It might seem that these hand-made cover designs are merely for protection. But the creativity of the owner slips through the cracks of the practical purpose and new creations arise via unexpected materials – quirky cut-outs, accidental lettering, reused papers or cryptic collages – understood only by their creator.
The result of preservation is often the appropriation of other graphic materials. Books are covered with papers (gift wraps, newspapers, cloth), pasted and bound unexpectedly.
The reuse of printed matter that is larger than the book itself (posters or letterpressed calendar boards) recalls one of the gimmicks of Pop Art: using advertising and mass media as the essential subject. The Pop aesthetic, now assimilated in mainstream culture, has meant some custom covers resemble overdone, reluctant Warhols. Yet the images that represent (to the author) the content and soul of a book are part of a compositional exercise that almost belongs to conceptual art. In this sense, customised covers are closely related to Arte Povera in their relationships with object, shape, material and production.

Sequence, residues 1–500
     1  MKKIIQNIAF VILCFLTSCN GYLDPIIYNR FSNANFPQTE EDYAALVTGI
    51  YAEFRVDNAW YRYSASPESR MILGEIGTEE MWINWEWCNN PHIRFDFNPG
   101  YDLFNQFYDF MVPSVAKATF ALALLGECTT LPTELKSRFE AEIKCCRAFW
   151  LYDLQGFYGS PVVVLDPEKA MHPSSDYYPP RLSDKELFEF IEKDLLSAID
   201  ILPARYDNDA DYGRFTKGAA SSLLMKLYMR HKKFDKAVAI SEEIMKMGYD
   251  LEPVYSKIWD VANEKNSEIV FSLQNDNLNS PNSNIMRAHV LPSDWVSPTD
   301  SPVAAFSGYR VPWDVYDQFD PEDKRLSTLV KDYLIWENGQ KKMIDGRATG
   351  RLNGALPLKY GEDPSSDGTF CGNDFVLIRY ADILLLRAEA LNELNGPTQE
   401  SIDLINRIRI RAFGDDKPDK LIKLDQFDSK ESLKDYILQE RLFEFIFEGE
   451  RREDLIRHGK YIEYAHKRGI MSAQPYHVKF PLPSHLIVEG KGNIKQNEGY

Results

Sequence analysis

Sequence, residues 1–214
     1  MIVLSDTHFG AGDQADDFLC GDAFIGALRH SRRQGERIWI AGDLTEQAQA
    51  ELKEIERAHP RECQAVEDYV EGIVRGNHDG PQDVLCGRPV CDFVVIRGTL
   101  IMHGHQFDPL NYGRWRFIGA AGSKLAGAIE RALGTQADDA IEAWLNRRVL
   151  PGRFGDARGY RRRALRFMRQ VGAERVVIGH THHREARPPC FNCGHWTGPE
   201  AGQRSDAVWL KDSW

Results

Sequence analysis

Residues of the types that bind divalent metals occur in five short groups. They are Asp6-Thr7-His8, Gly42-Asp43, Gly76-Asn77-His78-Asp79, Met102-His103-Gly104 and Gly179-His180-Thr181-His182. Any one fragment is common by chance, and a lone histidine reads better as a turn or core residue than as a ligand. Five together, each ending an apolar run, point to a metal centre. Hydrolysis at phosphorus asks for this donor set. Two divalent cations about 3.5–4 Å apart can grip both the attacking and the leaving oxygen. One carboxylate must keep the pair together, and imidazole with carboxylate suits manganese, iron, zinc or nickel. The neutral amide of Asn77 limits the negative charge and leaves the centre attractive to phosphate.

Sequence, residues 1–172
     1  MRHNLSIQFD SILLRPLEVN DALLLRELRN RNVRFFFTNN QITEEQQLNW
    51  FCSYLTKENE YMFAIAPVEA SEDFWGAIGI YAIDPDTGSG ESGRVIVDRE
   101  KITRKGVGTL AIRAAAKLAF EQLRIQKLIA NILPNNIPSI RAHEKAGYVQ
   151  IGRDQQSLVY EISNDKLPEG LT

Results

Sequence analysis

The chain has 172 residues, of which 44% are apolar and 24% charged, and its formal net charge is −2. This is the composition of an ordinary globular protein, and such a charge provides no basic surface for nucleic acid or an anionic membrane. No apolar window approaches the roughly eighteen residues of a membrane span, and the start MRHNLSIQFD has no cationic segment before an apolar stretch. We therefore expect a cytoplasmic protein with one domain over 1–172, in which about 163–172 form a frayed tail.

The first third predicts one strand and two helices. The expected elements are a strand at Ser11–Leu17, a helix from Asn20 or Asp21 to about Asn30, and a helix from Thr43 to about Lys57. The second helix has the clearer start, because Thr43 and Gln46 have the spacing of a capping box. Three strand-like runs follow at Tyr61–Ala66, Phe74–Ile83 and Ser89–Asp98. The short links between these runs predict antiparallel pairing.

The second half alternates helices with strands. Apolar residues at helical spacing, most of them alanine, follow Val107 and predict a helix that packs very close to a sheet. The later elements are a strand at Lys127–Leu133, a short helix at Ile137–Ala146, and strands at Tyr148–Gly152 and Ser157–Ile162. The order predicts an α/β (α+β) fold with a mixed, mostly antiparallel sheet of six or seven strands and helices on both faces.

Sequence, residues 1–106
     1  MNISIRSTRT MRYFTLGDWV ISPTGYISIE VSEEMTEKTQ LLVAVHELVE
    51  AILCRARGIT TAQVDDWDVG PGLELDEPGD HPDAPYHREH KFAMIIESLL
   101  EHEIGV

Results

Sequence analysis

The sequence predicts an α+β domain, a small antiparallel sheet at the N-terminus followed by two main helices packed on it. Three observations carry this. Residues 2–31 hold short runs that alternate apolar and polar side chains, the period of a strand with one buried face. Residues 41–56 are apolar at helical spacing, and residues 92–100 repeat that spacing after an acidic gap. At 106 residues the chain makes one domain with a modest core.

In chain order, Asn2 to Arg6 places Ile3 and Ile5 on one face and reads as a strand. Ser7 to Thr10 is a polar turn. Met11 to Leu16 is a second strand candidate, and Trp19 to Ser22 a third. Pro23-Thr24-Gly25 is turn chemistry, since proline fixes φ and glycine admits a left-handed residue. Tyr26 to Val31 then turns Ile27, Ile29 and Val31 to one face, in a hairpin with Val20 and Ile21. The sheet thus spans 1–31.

The authors are, however, oblivious of the result. Second-hand Pop or Povera, custom covers reveal the unconscious aesthetics of popular culture. Alongside the recycling of existing graphics, these covers also reveal drawings and scripts, some even transcending the graphic to the literary.
The antiquarian-collector universe values the cleanliness and conservation of the original piece. Any signs of use, manipulation or decay are unwelcome. This is the reason why these books are hard to come by. Booksellers rip these dust-jackets off, assuming no one will be interested in them. But you can find them in the most humble piles of old paper and magazines in flea- markets.
Their life, however, usually ends in the dustbin. They are hugely undervalued designs that still feel fresh because of their freedom and ingenuity. And, without doubt, they also remain inspiring pieces of work.
The books featured here were all discovered by the authors at The Sant Antoni Market in Barcelona. This 125 year-old market is open every Sunday morning acting as a depository of the city’s graphic heritage.
Graphic designer Jordi Duró heads Barcelona-based Estudi Duró. Mery Cuesta is an art curator also based in Barcelona.